Friday, June 9, 2017


I make no secret of it that I think Craggy Range is one of New Zealand’s best wine producers.  Starting from scratch in the late 1990s, planting vines then making wines, Steve Smith MW was the driving force behind the incredible progress the wines and brand made both domestically and overseas.  The first releases were ‘statement’ wines, about as big and bold as you could make them.  They were almost Californian in showiness.  But they were balanced and tasty, and you knew they would last. 

The production of Craggy Range is geared towards the Merlot-based ‘Sophia’ first and foremost, though there are proponents for ‘Le Sol’ Syrah and maybe ‘Les Beaux Cailloux’ Chardonnay as the best wine.  The latter wine is in a hiatus, as the original vines, affected by virus, were grubbed up.  Make no mistake about it, the majority of the production of the ‘Prestige Collection’ wines is ‘Sophia’.  Remarkably it isn’t as expensive as the other reds in the ‘Collection’.

Nowadays, the style of ‘Sophia’ is much more refined.  It isn’t a little wine by any means, and it is still very serious, very structured, and built to last, while developing great layers of flavours and indeed complexities.  The 2015 has just been released, so I can’t speak to it as I haven’t tasted it.  There’s a bottle in my ‘wait box’ though.  But the 2014 and 2013 were stunningly refined and rich, but in no way showed excesses.  Just how far the style has been adjusted and refined can be seen if one tastes the earlier wines.  It just so happens that I’ve drunk the 2009 and the 2001 recently.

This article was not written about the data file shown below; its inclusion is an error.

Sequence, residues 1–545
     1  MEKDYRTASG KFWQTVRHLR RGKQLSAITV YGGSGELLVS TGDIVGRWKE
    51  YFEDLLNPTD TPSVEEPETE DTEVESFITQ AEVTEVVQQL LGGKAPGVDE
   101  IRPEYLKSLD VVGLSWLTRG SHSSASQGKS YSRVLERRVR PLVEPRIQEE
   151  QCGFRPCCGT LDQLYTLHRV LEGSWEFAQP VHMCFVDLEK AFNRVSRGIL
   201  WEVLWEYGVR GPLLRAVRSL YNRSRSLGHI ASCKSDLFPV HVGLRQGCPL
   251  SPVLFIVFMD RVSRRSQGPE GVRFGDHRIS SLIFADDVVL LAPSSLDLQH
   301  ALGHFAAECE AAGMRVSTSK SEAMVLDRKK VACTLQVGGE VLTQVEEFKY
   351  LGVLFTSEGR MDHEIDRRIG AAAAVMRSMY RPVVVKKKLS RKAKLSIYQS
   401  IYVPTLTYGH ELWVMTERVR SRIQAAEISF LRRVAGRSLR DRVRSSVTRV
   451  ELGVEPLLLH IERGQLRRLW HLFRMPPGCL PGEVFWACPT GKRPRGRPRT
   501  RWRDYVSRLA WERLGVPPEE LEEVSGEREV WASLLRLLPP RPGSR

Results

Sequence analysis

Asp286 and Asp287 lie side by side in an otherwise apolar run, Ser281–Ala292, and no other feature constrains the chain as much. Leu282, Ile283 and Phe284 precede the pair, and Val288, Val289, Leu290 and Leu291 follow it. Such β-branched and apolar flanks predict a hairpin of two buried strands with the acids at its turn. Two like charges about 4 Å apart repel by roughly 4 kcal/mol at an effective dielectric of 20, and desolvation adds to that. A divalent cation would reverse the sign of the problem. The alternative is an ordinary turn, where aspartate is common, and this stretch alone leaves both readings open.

The 2009 Craggy Range ‘Sophia’ ‘Gimblett Gravels Vineyard’ Hawke’s Bay Merlot/Cabernet came from a very warm and dry growing season.  The wines have generally turned out big, black, sweetly ripe and structured.  The wines had brightness and energy, and quite masculine.  The ‘Sophia’, though with a feminine name was exactly that on release.  It was a stunningly gorgeous and decadent wine, with great potential.  On this opening, it was still black-red in colour, near impenetrable, though the purple flush of youth had faded.  On nose and palate, the fruit was rich and sweetly ripe with dark plums, hints of liquorice, maybe a touch of currant and cassis, but in no way showing coolness.  What it did show surprisingly, was style and a sense of restraint.  Not quite refinement, but a composure and a nod toward possible elegance.  The tannins were considerable, but very ripe and fine-grained, and the acidity totally integrated.  Only the merest hint of some development emerged in the glass.  It was a glorious bottle to drink, and should have been decanted.  It you didn’t take a step back to appreciate it, you could have missed how it had become so stylish.
Then the 2001 Craggy Range ‘Sophia’ ‘Gimblett Gravels Vineyard’ Hawke’s Bay Merlot/Cabernet.  This was the first release.  It was a true showpiece wine.  It was as bold and gutsy, and marked by as much new oak smells and tastes as the Syrah and Cabernet-based wine.  Steve Smith and his winemaking team held nothing back to make it impenetrable and black-purple in colour, totally nostril and mouthfilling, coasting all the senses with decadence and opulence.  It is a giant among giants.  On opening 15 years down the track, it was still impenetrable in colour.  Only on the edge or when the glass got lower could you see garnet and brick to the black.  Again, massively ripe-fruited with black plums, now going down the Dutch liquorice path.  Layers of black fruits unfolding earth and undergrowth, laced with cedary oak.  The palate just simply overwhelming in flavour, yet so drinkable.  Still plenty of tannin extraction and grip, but this too was ripe and fine, beginning to resolve.  This was sipping and meditation material, not gulping and gusto wine.  It was a monster then.  It still is a monster, but a loveable one.  We were truly monstered.   

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